For my ‘Memory’ guest bedroom, I decided to make use of precious hankies from my childhood. ‘Secret Pal’ hankies that I’d received each year on my birthday in a card from my ‘Secret Pal’…always an exciting envelope to open, are important hankies evoking fond memories on these curtains. Many of the other hankies are ones I played with while sitting at my mom’s vanity. I distinctly remember opening her upper right vanity drawer and the cloth-covered box full of beautiful hankies inside.
I also made the sheer curtains themselves, deciding on a pure white, as it set off the colors in the handkerchiefs better than the very cream-colored option.
After constructing the curtains themselves, I laid them side-by-side in our family room on the carpet. It became obvious at that point, that with varied sizes of the hankies that there could be no regular spacing between the hankies. My oh my, this took alot of pinning!
My decision to place the hankies ‘on point’ led to infinitely more work than I ever imagined. placed diagonally, ‘on point’, the ‘drag’ of the woven fabric on the bias made each and every one of them, regardless of fiber, stretch mercilessly, as you can see in the photo at the left. I found the only way to manage this tendency was to stitch (artfully, of course) with monofilament thread in the needle (Microtex 60), through the entire centers of each of the hankies. Even complete, upon close inspection, you would see some diagonal bias ‘drag’.
The center side hemming was completed after the hankies were stitched on. This double turned side finish is shown in the photo below.
I wish I had handled the other side hem similarly, but I had already stitched those outermost side hems before stitching on the hankies. One learns as they go when sewing without any directions.
The lowermost doubled hems were also turned and stitched before I placed the hankies. I cut the hankies longer by 1″, allowing for turning in twice and hand-stitching to finish.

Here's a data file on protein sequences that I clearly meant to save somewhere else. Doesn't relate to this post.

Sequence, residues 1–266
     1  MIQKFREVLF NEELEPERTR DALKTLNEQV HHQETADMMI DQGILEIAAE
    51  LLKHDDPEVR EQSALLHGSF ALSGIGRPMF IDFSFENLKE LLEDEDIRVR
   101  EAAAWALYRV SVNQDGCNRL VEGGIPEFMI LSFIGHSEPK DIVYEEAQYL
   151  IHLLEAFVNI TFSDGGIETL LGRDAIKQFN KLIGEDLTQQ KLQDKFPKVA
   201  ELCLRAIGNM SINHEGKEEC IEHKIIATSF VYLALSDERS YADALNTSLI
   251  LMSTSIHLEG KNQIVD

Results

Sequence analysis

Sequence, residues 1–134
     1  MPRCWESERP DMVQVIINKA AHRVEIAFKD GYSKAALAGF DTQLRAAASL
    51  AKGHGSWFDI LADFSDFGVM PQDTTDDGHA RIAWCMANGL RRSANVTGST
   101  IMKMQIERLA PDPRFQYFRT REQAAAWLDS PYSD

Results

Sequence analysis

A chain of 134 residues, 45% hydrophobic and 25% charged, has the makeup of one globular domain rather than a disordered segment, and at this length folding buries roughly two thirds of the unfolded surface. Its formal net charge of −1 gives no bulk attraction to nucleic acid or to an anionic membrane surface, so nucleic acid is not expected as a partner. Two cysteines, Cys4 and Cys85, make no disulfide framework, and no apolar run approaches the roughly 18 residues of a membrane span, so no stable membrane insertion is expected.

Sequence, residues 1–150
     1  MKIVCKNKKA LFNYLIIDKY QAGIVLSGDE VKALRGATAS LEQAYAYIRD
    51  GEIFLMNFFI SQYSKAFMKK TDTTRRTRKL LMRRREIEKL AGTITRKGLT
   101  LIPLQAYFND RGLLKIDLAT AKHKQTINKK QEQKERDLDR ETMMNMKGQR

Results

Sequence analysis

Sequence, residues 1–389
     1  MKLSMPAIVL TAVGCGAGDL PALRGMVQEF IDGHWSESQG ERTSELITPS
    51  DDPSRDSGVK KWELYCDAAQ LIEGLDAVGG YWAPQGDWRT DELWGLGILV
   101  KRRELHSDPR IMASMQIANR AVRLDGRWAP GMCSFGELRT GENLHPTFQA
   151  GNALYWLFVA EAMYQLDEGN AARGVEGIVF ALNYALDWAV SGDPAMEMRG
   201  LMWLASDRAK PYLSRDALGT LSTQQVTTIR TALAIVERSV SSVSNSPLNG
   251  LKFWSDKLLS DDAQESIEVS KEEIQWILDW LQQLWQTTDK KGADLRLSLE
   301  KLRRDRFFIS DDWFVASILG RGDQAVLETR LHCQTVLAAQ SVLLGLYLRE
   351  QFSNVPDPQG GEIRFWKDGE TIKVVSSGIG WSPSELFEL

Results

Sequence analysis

The tie-backs feature yet another precious textile, as they are tulle I had kept from my mother’s wedding veil. I actually just even found the (somewhat melted) orange blossoms from the headband that held her veil, and added them to cover the cup hook that holds the tiebacks to the side window. I have a memory of her giving me her wedding gown, saying “You’d be the one to do something with this someday.” And, indeed, I have! Some hand-crocheted ecru lace from my vintage collection finishes the look.
While designing these curtains, I had the idea of using solid hankies that had hand-crocheted border edgings for the upper rod pocket and headings. Here is a close-up, but stay tuned for the step-by-step directions in my next blog post.
In future posts, I’ll share more of my ‘Memory Room’ components. As I’ve worked on my room, I’ve often had the thought: “If only I could have my Mom back from heaven here with me – for just an hour – it would be a precious time to share with her what I’ve done with things she gave to me.” I know her heart would be warmed and that I’d get a big ‘Atta Girl’ hug, but also I chose to believe that, that visit being impossible, that in some way …. from up above…. she ‘sees’ and appreciates my memories and what I’ve done with the sewing skills she gave to me.